It is interesting to note that Homo sapiens sapiens is the only surviving member of the genus today so our endurance may appear noteworthy. Alternatively, we may have directly wiped out our direct ancestors as the top predator on the planet.
We also know that we have the smallest genetic diversity of all the remaining Great Apes, which suggests that at some time or over a long period there were significant, global population reductions after cataclysmic events. These may have been local such as the Toba super-eruption in Sumatra, Indonesia, approximately 70,000 years ago, or global as with the beginning of the last Ice Age. Following these, a smaller group of survivors repopulated their numbers and continued to spread around the world.
This transcript of an interview with Steven Pinker on the evolution of the mind provides an interesting insight into our evolution.
So it came to pass that after 60,000 years from the first arrival, Indigenous Australians developed their traditional lifestyles as one of 600 clans across the continent. Different land management practices were evident and even today, foraging strategies were particular to the climate on the clan’s territory.
In the desert areas, the day’s activities were directed at foraging and hunting in areas where rain was known to have fallen a season or months, possibly weeks beforehand. This increased the chances of finding key food species in abundance.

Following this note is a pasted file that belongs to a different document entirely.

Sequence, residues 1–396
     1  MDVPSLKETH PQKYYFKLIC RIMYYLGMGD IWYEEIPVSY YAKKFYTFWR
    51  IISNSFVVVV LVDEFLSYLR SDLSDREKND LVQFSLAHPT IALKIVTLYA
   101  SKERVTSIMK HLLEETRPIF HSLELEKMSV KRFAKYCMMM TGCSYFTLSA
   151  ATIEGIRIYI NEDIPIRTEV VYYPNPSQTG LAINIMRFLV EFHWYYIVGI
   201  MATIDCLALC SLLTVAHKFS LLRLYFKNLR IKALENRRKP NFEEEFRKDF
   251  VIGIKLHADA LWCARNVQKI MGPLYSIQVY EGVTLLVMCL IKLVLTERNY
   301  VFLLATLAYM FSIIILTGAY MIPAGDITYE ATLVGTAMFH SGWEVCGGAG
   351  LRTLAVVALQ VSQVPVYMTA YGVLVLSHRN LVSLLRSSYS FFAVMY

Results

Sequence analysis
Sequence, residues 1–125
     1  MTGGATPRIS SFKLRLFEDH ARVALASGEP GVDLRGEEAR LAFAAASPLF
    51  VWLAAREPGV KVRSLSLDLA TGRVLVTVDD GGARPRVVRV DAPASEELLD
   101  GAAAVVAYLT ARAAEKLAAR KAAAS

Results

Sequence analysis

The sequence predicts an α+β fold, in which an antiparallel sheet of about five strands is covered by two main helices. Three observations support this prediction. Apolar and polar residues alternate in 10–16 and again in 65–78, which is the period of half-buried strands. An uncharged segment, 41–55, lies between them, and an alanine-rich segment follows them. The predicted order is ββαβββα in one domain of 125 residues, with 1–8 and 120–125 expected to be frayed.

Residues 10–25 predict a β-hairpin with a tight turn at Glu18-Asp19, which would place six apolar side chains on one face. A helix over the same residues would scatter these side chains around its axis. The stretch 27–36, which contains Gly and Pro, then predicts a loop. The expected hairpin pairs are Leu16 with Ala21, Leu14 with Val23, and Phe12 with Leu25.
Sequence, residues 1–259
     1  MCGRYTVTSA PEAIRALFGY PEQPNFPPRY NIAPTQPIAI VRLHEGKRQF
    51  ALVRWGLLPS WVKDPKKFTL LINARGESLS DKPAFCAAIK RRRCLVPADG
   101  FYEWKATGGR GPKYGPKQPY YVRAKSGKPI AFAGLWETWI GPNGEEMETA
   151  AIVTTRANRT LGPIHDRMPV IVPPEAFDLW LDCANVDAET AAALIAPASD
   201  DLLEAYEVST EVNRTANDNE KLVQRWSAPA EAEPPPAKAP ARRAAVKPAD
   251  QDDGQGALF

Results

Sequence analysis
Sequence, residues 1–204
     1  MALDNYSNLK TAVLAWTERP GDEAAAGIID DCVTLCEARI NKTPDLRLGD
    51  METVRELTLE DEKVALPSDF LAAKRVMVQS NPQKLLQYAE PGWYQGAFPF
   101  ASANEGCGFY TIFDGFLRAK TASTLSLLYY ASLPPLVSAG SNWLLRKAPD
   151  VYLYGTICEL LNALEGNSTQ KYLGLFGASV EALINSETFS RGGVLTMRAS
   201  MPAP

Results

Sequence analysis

In less arid zones and up into the wet tropics there was a different strategy. Families directed their food collections by heading to an area where a particular food was known to be available at the specific time of year. Other foods were found along the way.
Remarkably, even in what can be described as the world’s harshest, inhabited environments, Indigenous Australians achieved 70 to 80 years of age at a time when Europeans would be fortunate to reach 50.
The Aboriginal culture is definitely under-valued by most of us. And yet it offers insights into ways of interacting with our environment and each other that have survived the test of time.
Aborigines were polyglots, speaking 3 to 5 languages fluently and these languages were as different as English is to Arabic, Russian or Cantonese.
They retained an encyclopedic memory (nothing written) of human relationships, their own and their neighbours’ foods, medicines, environmental history and even the medicines, foods and habits of the animals they hunted for meat.
Resources were micro-managed so that the species themselves retained sufficient genetic diversity as to be able to resiliently respond to foraging pressure and physical influences eg flooding, erosion and fire.
Theirs is the longest living culture on the planet spanning some 60,000 years across Ice Ages, wildfires and human conflict. Can we afford to ignore the lessons they learned just because of our religious pursuits of personal abundance, technology and money?